Improving NHS staff wellbeing

At a challenging time for the sector, Debra Gers, employment lawyer at Blake Morgan, and Jordan Cummins, health director at the CBI discuss what can be done to improve the wellbeing of staff working in health and social care

There’s no question that the last few years have led to unprecedented pressure on the health and social care sector, with the Covid-19 pandemic and its residual effects, and now the cost-of-living crisis creating fresh challenges.
One area which has been adversely affected is the physical and mental wellbeing of those working in the NHS and wider health and social care organisations. The backlog of appointments, on-going demand for services, and staff shortages has added extra pressure to an already squeezed workforce, which has had little to no respite following an intense few years.
Mental Health
Many are suffering from unprecedented levels of poor mental health, including stress, anxiety, depression and PTSD, and organisations are experiencing higher volumes of sickness absence. With the cost-of-living crisis deepening, financial concerns are also rising. Improving the wellbeing of those working within the sector has never been more important.
The health and social care sector must put this at the centre of its value proposition and work to improve job design and satisfaction to protect the workforce from ongoing challenges.
The NHS has a strategy for improving the wellbeing of its staff, and is investing in initiatives including supporting the new Integrated Care Systems to develop and pilot locally-owned health and wellbeing offers for their workforce. Other organisations and businesses across the sector need to follow suit and make proactive investment in the wellbeing of workers.

How can staff wellbeing be improved in practice?
Long working hours and high workload has been a challenge in the sector for many years, leading to burnout for staff. Reducing these this is an obvious first step.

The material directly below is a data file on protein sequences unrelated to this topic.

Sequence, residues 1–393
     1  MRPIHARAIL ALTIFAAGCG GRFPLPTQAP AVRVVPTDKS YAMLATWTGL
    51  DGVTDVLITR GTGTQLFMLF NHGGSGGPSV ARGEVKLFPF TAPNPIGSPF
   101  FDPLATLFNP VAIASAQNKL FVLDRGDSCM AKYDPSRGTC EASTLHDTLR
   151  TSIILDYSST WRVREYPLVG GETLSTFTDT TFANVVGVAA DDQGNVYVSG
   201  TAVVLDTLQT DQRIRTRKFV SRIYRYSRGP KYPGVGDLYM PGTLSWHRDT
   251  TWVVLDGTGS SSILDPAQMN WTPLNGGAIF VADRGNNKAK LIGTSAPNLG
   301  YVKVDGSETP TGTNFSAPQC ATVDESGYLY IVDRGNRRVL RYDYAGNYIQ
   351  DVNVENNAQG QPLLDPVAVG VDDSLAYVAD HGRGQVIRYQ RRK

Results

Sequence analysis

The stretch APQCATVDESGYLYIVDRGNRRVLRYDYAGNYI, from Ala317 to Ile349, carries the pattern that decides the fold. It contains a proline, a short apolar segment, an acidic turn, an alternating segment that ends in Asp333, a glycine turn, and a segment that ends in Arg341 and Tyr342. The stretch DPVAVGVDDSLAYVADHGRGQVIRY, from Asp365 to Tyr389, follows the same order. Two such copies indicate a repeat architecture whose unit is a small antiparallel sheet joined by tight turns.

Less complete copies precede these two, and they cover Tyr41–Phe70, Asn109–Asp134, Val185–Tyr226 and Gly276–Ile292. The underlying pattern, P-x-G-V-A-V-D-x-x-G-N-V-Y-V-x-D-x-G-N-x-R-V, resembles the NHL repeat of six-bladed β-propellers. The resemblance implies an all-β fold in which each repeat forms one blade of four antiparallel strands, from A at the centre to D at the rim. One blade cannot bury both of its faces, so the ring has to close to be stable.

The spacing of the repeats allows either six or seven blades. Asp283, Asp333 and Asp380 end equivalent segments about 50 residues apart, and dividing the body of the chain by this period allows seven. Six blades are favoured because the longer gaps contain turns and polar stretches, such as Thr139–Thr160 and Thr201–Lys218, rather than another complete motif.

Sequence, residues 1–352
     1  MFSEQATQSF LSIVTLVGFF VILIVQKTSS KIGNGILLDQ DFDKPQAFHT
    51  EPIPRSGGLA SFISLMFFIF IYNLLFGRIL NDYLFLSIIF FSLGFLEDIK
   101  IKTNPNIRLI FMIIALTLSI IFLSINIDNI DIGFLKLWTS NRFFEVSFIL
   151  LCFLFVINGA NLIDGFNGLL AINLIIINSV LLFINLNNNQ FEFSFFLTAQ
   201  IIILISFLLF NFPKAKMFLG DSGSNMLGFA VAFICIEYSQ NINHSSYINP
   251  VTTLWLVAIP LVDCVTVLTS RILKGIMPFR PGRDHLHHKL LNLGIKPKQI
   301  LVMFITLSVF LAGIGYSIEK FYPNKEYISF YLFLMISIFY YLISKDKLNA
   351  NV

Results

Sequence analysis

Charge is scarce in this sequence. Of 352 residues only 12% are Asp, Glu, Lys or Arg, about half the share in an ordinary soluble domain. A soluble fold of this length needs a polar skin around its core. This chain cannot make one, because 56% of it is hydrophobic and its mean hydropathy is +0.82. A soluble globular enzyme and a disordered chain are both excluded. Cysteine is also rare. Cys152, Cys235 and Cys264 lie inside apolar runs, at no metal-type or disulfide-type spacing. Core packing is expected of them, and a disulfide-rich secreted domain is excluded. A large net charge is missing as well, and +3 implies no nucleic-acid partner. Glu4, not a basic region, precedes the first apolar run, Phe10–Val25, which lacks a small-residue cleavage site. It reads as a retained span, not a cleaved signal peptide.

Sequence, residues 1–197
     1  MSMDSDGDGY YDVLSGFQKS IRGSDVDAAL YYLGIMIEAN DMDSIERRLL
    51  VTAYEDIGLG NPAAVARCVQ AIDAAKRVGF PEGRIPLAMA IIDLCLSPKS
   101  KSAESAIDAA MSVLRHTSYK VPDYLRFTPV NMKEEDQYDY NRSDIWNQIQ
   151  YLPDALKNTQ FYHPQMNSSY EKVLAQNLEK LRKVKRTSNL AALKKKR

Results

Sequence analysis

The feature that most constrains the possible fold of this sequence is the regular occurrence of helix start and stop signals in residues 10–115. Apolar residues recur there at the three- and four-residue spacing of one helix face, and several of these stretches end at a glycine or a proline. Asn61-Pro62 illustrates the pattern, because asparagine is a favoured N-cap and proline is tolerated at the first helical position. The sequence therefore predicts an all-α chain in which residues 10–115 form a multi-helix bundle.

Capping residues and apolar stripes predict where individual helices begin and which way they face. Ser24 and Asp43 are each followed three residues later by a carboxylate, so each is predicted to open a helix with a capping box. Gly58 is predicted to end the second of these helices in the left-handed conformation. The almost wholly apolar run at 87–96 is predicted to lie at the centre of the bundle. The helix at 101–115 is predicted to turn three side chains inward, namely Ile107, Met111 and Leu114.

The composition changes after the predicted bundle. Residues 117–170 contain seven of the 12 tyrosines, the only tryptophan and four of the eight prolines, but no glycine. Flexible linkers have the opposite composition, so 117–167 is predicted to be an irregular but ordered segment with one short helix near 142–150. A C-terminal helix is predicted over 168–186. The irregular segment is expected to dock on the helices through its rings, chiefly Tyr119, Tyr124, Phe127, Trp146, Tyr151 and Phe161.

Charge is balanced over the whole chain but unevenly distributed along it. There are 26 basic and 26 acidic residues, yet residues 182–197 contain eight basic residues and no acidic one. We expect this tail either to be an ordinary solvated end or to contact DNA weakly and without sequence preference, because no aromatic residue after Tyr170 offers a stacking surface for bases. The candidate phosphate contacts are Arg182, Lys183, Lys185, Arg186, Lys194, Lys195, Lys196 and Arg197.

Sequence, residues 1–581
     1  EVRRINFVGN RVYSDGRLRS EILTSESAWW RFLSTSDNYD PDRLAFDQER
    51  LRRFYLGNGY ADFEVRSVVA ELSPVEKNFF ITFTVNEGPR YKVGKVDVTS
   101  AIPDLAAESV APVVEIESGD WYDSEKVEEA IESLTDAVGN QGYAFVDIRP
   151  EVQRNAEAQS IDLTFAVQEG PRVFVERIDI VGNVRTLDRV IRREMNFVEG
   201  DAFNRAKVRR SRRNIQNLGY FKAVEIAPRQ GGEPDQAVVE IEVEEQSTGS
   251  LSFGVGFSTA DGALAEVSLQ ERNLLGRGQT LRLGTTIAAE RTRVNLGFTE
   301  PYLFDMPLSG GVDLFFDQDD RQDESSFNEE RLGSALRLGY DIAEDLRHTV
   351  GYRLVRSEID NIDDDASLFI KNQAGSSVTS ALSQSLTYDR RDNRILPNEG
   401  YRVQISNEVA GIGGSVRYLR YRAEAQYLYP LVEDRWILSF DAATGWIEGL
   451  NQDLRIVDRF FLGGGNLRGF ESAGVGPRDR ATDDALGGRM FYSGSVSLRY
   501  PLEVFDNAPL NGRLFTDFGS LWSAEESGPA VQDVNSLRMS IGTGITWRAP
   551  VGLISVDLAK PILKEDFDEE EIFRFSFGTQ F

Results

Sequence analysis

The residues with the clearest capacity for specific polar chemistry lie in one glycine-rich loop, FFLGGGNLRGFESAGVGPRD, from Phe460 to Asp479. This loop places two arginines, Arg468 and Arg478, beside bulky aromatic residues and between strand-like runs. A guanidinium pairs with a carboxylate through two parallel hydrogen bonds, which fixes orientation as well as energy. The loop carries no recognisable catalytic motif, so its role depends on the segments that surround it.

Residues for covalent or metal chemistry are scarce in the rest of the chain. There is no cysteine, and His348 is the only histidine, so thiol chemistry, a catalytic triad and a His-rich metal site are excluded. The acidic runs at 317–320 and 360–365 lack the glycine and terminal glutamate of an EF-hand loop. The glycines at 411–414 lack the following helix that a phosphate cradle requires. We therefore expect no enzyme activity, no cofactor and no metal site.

While a longer-term approach is needed to combat the strain on resources, there are structural changes which can be implemented now to ease pressures on individual staff members. These include creating better shift patterns to give employees greater flexibility, ensuring better training,
and putting in place initiatives such as shared workloads to ensure those on the frontline do not feel unnecessary burdens.
Organisations should also prioritise mid-level management, putting more people in these positions and giving them the training needed to ease the pressure on more junior workers.
For employees who are experiencing poor mental health, creating a more open culture where staff feel able to talk about their concerns is crucial, and support is key.

People Plan
The NHS’s People Plan, the workforce strategy for delivering its Long Term Plan, sets out the ambition for every staff member to have regular conversations focused on health and wellbeing with their line manager, including discussion of flexible working requirements and matters related to equality, diversity and inclusion. The NHS has also set up 40 staff mental health and wellbeing confidential hubs to provide colleagues with free-of-charge rapid access to assessment and local evidence-based mental health services and support, such as talking therapy and counselling.